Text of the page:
The even-block of 49 SY4Days does not go evenly into a Yavin year. It goes 96 times, with 41 days left over. After 49 Yavin years (637 "standard years") this works out. On New Year's Day, Yavin IV and Yavin are once again lined up on sidereal-zero at the sidereal-zero point of Yavin's orbit about the sun, for the first time after 637 standard years.

Solar Periods Differ

A Sideral Yavin IV Day is not the same length as its solar day. The time span from actual sunrise to actual sunrise is different. Here's why:
When 49 SY4Days have passed, the Yavin system has moved 49/4745 of the way around the sun. This works out to about 3.7°. This means that relative to the "fixed" stars, the angle at which the sun's light hits them has also changed by 3.7°. Thus, as the system has moved, the boundaries between the light and dark sides of Yavin and Yavin IV have appeared to "rotate" 3.7° around the bodies.

Shift in the sidereal position of dawn (the dark/light boundary)

It works out that after 49 days, a given point on Yavin IV sees sunrise 14 minutes and 52 seconds later than it did 49 days ago. A Yavin IV Solar Day (Y4SolDay) is thus 24 hours and 18.2 seconds long.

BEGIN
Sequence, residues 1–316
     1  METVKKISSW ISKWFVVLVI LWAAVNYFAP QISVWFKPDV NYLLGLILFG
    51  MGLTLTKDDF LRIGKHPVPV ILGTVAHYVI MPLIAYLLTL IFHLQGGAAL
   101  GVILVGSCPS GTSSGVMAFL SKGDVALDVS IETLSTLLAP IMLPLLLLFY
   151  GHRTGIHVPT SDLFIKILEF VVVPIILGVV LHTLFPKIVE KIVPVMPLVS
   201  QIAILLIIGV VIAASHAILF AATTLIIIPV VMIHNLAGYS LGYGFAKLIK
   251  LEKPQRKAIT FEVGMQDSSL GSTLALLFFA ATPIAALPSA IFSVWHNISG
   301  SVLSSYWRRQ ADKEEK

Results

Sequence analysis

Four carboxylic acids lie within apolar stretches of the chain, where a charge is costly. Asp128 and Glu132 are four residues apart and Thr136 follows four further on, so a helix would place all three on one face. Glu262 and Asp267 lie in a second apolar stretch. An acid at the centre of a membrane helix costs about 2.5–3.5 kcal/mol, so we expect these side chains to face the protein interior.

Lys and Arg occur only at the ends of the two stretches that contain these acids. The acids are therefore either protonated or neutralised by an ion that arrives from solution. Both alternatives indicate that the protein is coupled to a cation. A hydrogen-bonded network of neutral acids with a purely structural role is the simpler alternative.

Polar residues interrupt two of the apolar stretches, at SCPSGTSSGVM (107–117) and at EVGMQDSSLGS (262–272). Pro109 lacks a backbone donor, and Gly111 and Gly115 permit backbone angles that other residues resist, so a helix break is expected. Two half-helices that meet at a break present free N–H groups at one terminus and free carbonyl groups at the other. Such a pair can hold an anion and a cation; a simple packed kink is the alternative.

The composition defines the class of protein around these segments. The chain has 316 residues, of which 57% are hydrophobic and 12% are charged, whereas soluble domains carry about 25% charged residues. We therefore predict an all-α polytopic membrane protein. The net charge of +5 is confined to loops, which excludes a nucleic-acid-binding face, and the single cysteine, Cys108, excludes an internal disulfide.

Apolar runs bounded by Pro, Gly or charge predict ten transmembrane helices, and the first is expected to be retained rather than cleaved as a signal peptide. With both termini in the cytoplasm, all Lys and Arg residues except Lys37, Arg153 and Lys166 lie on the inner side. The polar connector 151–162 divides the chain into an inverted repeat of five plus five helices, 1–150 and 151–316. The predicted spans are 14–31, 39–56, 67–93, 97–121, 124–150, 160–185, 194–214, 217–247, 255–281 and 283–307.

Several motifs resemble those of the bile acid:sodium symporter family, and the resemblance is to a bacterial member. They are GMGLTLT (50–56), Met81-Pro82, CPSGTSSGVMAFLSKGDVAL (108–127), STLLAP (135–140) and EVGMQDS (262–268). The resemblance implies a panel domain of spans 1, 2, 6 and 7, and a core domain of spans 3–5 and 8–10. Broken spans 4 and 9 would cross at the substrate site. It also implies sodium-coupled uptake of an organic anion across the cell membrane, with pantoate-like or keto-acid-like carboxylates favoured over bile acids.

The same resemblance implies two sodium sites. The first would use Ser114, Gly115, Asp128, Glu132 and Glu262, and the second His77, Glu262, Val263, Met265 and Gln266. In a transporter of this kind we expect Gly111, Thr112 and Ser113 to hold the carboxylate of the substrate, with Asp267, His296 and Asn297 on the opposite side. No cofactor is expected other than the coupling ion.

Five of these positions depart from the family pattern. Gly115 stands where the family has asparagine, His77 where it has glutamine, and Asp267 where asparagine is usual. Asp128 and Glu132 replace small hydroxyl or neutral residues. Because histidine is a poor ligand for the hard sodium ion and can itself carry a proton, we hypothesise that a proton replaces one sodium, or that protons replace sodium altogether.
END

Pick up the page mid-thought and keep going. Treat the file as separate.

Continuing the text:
Note also that as the Yavin system proceeds all the way around the sun in one year, the dark/light boundary has also "shifted" around Yavin and Yavin IV a complete 360°. With the orbital and rotational directions we are assuming, this means that Yavin IV "loses a day." That is, it sees 4744 sunrise-to-sunrise cycles in a sidereal year. Thus the Yavin sidereal year is 4745 sidereal days long, but 4744 solar days long. (By the way, we experience the same case here on Earth.)

We can also determine the period of a solar orbit of Yavin IV (Y4SolOrbit). This is the time it takes for Yavin IV to line up exactly with the dark/light boundary of Yavin, go around the gas giant once, and again line up exactly with the dark/light boundary, accounting for the fact that the system has moved in its orbit around the sun, causing the dark/light boundary to "rotate" slightly forward around Yavin relative to the sidereal stars. A Yavin IV solar orbit will thus be slightly more than 360°.

In one hour, Yavin IV moves 360°/12.25 hrs around Yavin. In one hour, the dark/light boundary moves 360°/113880hrs. (There are 113880 hours in a Yavin system year, 13 standard years long.) Having determined these two rates of rotary movement, we solve for the time in which they match up, that is the time of one solar orbit:

(Yavin IV orbital rate)x(t) = 360° + (dark/light mov't rate)x(t)


(360/12.25)x(t) = 360 + (360/113880)x(t)

Solving for t, we find that one Yavin IV Solar orbit is 12.25131787 hours, or 44104.74 seconds, long. This comes out to about 4.7 seconds longer than a 360°, sidereal orbit.